A great political debate has begun in France that is centered on a thousand and one questions, with each question vying to be more important than the next one. It is true that these questions are related to major issues that have occupied the media and that have also been the source of the different protests: purchasing power, taxation, the environment, the rules of democratic participation, public services and healthcare.
It is, however, astonishing, distressing and intolerable that on this list, so far, no one has mentioned any cultural topics! As if culture was not a topic of national debate. As if all is going well. As if the French population has had access to every cultural element that she craves.
However, if we were to, on the contrary, make a radically different and infinitely sadder interpretation of this omission: culture is not a topic of debate because it is overlooked by everyone; because no one wants it except those who, thanks to their social environment, already have it, and are not in a position to miss it.
In fact, culture is not like food: when one is deprived of it and does everything to get away from it, one does not naturally feel the need for it; it is rather when we begin to have access to it that it becomes indispensable. But today, everything seems to be done so that no one feels the need for it. Because we are overwhelmed by many other solicitations: the hours spent on social networks are robbed from literature, exhibitions, concerts and sharing these emotions with others. And more so to the practice of an artistic activity.
Nonetheless, if we were to really think about it, nothing is more important than culture; that which one acquires by personal curiosity and through the solicitations of parents, professors and friends. It is culture that makes it possible to understand the world, beauty, audacity, creation and emotion. It is by frequenting and contemplating masterpieces (and at the same time, through artistic education) that one can begin to think about leading a successful life. Indeed, it is by having access to culture that the doors of economic and social success open up. This is much more pertinent than changing the rate of a value-added tax or disrupting school programs.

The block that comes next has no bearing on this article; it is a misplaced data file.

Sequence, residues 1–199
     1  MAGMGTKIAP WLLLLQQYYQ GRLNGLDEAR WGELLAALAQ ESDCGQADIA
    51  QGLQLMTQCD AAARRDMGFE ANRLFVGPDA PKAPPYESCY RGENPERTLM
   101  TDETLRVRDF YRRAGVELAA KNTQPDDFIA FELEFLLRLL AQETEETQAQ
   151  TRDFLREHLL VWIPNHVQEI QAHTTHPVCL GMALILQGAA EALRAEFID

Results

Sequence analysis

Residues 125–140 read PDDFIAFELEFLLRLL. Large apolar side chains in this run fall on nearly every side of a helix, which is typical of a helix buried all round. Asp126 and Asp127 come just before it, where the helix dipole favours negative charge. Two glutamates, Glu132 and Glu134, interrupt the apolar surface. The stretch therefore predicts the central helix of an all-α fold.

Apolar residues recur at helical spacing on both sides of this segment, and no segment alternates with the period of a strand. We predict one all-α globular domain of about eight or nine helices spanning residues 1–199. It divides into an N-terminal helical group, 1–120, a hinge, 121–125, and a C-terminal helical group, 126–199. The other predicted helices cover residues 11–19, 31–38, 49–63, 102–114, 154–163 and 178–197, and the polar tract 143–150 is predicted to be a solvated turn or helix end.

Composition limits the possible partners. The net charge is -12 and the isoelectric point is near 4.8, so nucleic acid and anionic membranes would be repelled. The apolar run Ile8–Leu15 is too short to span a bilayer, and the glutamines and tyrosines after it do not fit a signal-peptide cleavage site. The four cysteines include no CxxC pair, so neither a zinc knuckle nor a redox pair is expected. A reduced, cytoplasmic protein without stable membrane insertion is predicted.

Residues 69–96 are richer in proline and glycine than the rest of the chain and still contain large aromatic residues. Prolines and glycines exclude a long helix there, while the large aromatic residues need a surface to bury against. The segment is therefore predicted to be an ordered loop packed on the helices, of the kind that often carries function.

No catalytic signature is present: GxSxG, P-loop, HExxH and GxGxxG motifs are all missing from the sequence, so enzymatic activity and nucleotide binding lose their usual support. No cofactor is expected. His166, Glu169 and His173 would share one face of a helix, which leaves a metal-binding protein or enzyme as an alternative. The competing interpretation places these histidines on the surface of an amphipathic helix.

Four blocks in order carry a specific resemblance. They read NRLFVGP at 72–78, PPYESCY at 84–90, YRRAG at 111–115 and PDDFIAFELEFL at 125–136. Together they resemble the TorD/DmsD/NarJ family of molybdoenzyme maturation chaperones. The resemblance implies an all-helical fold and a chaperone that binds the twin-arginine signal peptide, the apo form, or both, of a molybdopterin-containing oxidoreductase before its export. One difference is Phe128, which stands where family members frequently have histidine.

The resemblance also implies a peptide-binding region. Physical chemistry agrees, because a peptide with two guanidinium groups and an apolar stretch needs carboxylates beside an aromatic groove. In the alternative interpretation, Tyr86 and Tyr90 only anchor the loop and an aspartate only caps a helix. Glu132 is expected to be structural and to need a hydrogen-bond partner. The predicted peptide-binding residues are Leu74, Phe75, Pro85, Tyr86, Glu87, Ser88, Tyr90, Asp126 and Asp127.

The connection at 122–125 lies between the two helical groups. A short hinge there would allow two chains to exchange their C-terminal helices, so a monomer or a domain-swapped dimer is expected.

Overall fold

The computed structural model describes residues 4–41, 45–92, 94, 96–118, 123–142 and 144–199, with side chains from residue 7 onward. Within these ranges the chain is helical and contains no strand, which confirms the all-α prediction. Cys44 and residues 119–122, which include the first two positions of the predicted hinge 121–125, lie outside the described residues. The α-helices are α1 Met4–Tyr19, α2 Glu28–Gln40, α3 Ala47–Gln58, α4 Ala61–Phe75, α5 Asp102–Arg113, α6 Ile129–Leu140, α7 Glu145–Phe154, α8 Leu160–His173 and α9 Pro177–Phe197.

Let us dare to say it: any reform that does not have as an ultimate goal to help everyone have equal access to culture, which is what I call the “essential pathways,” cannot pretend to serve democracy, social justice, freedom, responsibility, or help create a nation that can defend its identity and make it shine. There is no viable solution to the problem of unemployment, social justice and the environment without concrete action on culture. No reform is more important than finding a way to make everyone discover the infinite pleasure of reading, reciting poems, drawing or playing a musical instrument. None could better respond to the social desperation that appears to have manifested its head in all major democracies.
As such, it would be good idea to replace all the questions related to the great debate and begin, with one, which is very simple: “How do we grant to every inhabitant of France equal access to culture in all its forms?”
Everything else derives from it.